The word Aborigine comes from Latin and means "from the beginning". The Australian Aboriginals were nomadic people, who arrived in Australia about 50,000 to 60,000 years ago, after leaving Africa and probably travelling through South East Asia.
Before Europeans arrived in Australia, there were about 300,000 aborigines living in about 250 different tribal groups. People mostly lived in extended families, but large numbers of aborigines would come together for ceremonies and important occasions. There were also highly complex kinship systems, social and marriage laws, customs and diverse languages.
The religious beliefs of the Aboriginal people involved ancestral beings, who shaped the land and created people, plants and other animals. These ancestral beings emerged from a heavenly world in the Dreamtime and as they moved about, rivers, rocks, mountains, plants and animals began to appear. Everything on the earth was interconnected and related and although the ancestral beings went back to their heavenly domain, they could be summoned and their creative forces were still vital.
The landscape was often considered to be the embodiment of the various spirits. A river may have taken its shape from the Rainbow Serpent during the creation period called the Dreaming and mountains and hills were the mark of other spirits. Spirits often appeared in animal form, like a kangaroo, or emu, or perhaps as a human. Before the Dreaming the earth was a featureless desolate place, then the spirits rose, roamed about and created before returning to their slumber. Aboriginal groups however had a rich diversity and the variety of stories and spirits were equally diverse.
There was a structured social and political system operating before 1788, which enabled the Aboriginal people to manage their society and lands. The customary laws were not written down, but passed by oral tradition. Aboriginal elders had an important role teaching social and cultural knowledge and survival skills; they were also regarded as the tribal leaders and decision makers.
The Aboriginal people believed that a sign, or dream would provide foreknowledge that a spirit child had entered a womans womb. A magpie flying into the mothers path, while out walking for example, would also signal, that the baby would be connected to the magpie ancestral being. Other animals, or plants, or other aspects of the world, also had ancestral beings and the aborigines in being connected to these, were also spiritually connected to the landscape and the Dreaming.
Sacred sites were also important places where rituals were often performed. Any negligence in caring for theses spiritual sites, or ritual tasks, could bring about harm to the people of the 'tribe' in the form of food and water shortages, illness and natural disasters.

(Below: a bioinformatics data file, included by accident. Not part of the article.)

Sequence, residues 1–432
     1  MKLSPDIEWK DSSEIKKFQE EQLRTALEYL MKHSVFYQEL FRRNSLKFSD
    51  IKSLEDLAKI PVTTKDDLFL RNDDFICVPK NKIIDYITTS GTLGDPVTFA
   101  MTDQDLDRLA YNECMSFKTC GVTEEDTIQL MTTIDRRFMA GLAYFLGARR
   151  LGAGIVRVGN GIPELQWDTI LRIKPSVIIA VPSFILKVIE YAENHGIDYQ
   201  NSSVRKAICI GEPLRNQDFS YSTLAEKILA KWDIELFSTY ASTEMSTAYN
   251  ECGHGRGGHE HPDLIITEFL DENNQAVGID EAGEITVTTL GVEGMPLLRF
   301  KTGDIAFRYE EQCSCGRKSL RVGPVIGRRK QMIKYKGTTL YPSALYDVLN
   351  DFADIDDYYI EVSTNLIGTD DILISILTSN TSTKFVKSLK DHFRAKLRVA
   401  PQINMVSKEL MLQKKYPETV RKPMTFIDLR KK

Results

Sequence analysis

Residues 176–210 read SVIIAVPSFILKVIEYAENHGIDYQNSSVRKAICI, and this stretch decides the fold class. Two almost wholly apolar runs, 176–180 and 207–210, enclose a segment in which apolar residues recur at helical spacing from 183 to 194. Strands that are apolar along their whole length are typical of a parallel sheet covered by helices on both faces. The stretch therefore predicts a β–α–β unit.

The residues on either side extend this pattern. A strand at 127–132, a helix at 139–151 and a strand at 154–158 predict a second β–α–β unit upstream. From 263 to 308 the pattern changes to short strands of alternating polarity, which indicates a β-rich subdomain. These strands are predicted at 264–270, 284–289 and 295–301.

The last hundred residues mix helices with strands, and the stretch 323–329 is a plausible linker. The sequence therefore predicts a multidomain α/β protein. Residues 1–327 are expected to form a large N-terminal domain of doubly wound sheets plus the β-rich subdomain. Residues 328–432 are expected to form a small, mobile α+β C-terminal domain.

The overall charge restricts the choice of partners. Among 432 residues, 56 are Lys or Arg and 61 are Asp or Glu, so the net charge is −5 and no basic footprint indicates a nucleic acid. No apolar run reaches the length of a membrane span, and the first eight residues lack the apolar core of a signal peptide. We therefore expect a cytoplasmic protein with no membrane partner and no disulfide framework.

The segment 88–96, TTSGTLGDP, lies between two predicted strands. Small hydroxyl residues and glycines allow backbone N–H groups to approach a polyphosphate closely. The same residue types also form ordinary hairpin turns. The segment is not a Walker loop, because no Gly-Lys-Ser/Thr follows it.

Aborigines however prior to 1788 who lived in fertile places of Australia, generally had plenty of food sources, which could be collected in daily hunting, gathering and fishing expeditions. Most groups were nomadic and moved about to take advantage of seasonal foods. Groups like the Wiradjuri and Kamilaroi groups in New South Wales, occupied large land areas, with groups of many people, as the land was very fertile. In desert regions however, groups like the Pintubi people also occupied large tracts of land, but the arid landscape could only support smaller populations.
Aborigines did wear clothes and they did build dwellings, but these were different from Europeans. One of the most interesting items of clothing were possum-skin cloaks, which were made from possum pelts sewn together with kangaroo sinew and decorated. In regard to housing there was a variety of styles, suited to the particular climate. On Murray Island, round houses were built, surrounded by fences. On Tasmania's west coast, conical houses, with thatched roofs big enough to house 20-30 people were constructed. Near the fertile Murray River, permanent stone houses were built and in hot desert areas wiltjas, which were open circular dwellings, which provided protection from weather extremes, were erected.
Boomerangs originally, were simple throwing sticks, made with the purpose to hit and injure. In certain regions over time boomerangs became curved, so that when thrown they would travel in an arc, back to the thrower. Boomerangs were not just weapons for hunting however, they were also used to clear grass, as cooking implements, in digging holes and cutting up animals. Sometimes boomerangs were also used to create friction for fire making. Then there were sacred boomerangs for ritual purposes.
Illness and death was believed to be caused by spirits, ancestral beings or sorcery. The traditional healer was believed to have great spiritual powers and super human skills. The healer would often use bush remedies for many ailments. The whistling tree (Casuarina equisetifolia) was used for tooth ache, crushed tea-tree (paper bark) was a remedy for sore throats, eucalyptus leaves for fevers. Sorcerers however were greatly feared by the Aborigines, as they could cause illness and death by 'pointing the bone', or capturing the spirit of a person in hair or food. Pointing the bone had a few different forms, but among the Aranda people of central Australia, a person would place the bone into the ground in the bush and repeat curses over it. In the darkness of night the bone would then be pointed in secret at the victim, along with various chants. Such was the belief in the curse and the ability of sorcery, that the victim generally died.